Fukami: We had to consider what kind of messages we would be sending to customers through the Eco Pack. The goal wasn’t simply to create new packing materials – we wanted to change the way customers think about packing materials to begin with. The Eco Pack is nothing more than a means of sending a message, which is that “reusability should be a normal and everyday thing.” We wrote in our press release about the sociability of Mercari as a company and business, and we hope to continue working with customers to establish a culture that promotes the recycling and reuse of packing materials.

– Mercari also sells its own packing materials in addition to the Eco Pack, right? Will these changed one-by-one?

Fukami: I think we’ll need to change them as they are also part of our so-called paradox. We can’t completely eliminate them as it would hinder usability for the customers, but I think there is a lot of room for change which we are currently discussing. We’re also hoping to take a unique and Mercari-like approach to address the use of tape and cushioning materials – not just cardboard.

Kazuki Fukami (COO Office)

Tabara: I think that paradoxes are found not only in our product but also in the company as a whole. For example, we throw away a lot of plastic waste like bottles in our office. Now that we’ve started with ESG and the Eco Pack, many employees have been pointing out that our waste-handling in the office is strange and doesn’t match Mercari’s image. I think that the ESG and Eco Pack presentations were a great opportunity to highlight and face the contradictions found within our company. From a branding perspective, I think that there’s a lot we can do to become more consistent.

– This matches the idea of “a company capable of making its own decisions and change” that Koizumi mentioned before, right?

Koizumi: That’s right. I think that ESG and the Eco Pack helped get employees more engaged. We’re happy that reactions from our international members have been particularly positive. Although the majority of our members coming from overseas have limited experience using the Mercari app, we’ve heard a lot of voices saying “I’m glad to see the company heading in this direction.” I think that the ESG and Eco Pack reached them thanks to the fact that we were able to share information on a global scale.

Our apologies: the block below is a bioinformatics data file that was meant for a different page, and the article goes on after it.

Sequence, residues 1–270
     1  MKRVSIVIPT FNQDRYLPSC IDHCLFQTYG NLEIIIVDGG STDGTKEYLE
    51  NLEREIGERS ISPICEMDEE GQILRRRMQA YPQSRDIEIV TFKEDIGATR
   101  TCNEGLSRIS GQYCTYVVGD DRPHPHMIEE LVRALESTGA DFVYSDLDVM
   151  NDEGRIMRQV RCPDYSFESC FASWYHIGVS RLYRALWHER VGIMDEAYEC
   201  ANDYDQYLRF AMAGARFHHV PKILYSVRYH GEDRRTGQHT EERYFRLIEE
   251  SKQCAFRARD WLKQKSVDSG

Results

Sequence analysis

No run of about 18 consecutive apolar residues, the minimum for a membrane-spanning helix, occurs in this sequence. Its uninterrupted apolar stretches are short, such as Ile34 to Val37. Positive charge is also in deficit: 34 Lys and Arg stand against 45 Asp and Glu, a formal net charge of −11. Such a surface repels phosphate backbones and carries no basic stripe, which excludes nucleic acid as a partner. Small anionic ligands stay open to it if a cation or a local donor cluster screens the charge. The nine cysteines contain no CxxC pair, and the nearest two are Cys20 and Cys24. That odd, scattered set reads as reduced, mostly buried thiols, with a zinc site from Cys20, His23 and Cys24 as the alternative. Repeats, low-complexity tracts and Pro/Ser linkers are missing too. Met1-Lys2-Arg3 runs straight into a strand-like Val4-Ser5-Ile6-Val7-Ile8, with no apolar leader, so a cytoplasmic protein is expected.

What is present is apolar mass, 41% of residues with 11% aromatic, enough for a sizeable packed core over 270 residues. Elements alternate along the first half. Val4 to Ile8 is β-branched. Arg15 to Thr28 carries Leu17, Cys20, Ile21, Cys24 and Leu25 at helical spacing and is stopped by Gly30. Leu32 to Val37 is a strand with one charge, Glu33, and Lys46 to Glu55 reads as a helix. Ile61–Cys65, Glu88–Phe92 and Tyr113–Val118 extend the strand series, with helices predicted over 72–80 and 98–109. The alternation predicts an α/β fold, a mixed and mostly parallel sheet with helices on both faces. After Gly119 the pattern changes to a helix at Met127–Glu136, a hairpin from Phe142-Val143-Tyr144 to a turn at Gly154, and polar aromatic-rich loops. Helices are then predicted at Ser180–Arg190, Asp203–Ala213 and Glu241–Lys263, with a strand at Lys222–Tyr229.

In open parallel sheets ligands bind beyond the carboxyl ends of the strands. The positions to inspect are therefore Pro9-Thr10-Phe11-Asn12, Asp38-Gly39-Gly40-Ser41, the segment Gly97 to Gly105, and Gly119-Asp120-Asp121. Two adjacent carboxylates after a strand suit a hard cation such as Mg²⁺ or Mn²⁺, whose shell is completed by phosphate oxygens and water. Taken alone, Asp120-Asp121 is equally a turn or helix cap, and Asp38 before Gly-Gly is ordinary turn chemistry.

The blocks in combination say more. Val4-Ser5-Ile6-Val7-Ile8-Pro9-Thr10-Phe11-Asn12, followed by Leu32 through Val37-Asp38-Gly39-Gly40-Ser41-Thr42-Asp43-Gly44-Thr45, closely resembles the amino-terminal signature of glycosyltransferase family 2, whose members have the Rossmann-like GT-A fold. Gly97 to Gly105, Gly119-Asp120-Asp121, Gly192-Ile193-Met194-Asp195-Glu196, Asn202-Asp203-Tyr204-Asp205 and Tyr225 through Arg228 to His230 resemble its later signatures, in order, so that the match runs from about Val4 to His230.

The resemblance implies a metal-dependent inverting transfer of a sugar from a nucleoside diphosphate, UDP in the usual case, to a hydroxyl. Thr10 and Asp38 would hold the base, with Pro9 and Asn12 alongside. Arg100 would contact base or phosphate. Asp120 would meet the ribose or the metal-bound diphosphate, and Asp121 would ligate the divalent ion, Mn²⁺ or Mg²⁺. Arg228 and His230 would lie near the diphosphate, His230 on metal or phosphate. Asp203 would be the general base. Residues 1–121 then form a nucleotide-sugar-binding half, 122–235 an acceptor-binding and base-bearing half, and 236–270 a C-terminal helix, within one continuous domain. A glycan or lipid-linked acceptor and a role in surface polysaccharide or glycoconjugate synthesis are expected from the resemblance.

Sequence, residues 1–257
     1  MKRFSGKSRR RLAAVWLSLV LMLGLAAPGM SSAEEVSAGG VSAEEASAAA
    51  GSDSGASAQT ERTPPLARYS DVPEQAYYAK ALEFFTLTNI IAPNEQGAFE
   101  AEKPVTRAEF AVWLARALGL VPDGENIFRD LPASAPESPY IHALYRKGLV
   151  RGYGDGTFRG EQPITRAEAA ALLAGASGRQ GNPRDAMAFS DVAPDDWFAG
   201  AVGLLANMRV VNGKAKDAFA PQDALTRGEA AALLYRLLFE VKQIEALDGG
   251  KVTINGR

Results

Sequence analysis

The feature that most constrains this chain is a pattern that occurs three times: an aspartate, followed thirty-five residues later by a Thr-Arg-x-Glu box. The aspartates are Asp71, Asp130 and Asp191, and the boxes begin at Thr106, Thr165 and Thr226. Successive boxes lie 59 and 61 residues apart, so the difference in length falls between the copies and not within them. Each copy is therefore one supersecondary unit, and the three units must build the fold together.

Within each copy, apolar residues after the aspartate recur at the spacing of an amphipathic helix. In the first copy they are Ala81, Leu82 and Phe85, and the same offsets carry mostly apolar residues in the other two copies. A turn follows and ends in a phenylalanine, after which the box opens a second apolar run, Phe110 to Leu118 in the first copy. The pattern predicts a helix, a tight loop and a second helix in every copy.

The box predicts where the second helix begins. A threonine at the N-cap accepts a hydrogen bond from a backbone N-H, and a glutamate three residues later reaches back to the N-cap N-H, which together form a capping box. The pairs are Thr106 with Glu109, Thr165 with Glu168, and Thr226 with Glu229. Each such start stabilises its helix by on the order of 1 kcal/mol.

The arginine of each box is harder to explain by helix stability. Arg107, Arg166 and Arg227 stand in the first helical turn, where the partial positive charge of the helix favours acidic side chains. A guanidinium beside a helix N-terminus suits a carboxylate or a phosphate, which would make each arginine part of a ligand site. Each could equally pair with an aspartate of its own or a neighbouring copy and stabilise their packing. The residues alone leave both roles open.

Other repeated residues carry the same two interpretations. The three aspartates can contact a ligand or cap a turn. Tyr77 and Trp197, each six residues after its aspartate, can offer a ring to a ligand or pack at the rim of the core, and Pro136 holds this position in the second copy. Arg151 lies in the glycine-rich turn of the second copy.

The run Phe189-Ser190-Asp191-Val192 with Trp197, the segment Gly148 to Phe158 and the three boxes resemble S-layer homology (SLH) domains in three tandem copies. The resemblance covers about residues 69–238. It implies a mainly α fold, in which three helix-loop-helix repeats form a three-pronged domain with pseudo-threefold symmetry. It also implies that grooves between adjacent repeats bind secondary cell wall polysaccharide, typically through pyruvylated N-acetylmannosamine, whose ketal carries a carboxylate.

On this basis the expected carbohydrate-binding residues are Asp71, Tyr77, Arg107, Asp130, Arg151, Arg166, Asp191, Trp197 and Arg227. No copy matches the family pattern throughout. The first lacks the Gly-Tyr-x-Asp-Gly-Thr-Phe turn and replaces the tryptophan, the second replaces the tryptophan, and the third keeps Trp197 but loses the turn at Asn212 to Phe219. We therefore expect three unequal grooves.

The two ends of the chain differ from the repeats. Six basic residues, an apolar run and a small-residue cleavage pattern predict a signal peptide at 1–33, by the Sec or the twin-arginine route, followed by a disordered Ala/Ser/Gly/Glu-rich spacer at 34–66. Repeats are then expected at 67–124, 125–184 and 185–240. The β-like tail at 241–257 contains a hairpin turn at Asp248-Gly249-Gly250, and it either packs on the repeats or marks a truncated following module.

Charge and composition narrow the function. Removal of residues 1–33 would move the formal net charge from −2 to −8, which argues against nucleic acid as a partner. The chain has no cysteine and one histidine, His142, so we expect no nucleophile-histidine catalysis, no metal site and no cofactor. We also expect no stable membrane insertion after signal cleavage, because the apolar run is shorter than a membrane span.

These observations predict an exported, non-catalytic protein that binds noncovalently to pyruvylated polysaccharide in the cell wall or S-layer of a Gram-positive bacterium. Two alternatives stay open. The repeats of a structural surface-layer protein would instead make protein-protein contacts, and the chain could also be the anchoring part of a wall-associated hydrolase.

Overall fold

Mercari can’t establish an ideal society alone: We need to strengthen our partnerships

– Lastly, I’d like to ask about plans for the future. Tabara, what do you have in mind?

Tabara: We’ve established our goals and the five key issues we want to tackle as a company. To succeed, each issue will have an owner in charge of taking action and sharing information as needed. Another factor is communication with investors – we’ll be increasing the number of meetings we have with them so that we can share our ideas for increasing our long-term company value and receive their feedback. I hope to work on this actively as I believe it will bring our management to a new level.

– So you’ll be able to communicate using ESG as a tool, right?

Tabara: Exactly. I hope to transition away the mindset where quarterly PLs (Profit and Loss Statements) and BSs (Balance Sheets) alone are used to measure corporate value, and instead evaluate based on mid-term and long-term goals alongside decisions on what to invest in. Recently, due to major changes in social and environmental issues, mid-term and long-term financial outlooks are more difficult than before. Because of this, investors want more “non-financial information,” like Mercari’s specific plans for raising its own corporate value. In retrospect, I think that this ESG was valuable in the sense that we were able to take unique communication approaches.

– What do you think, Fukami?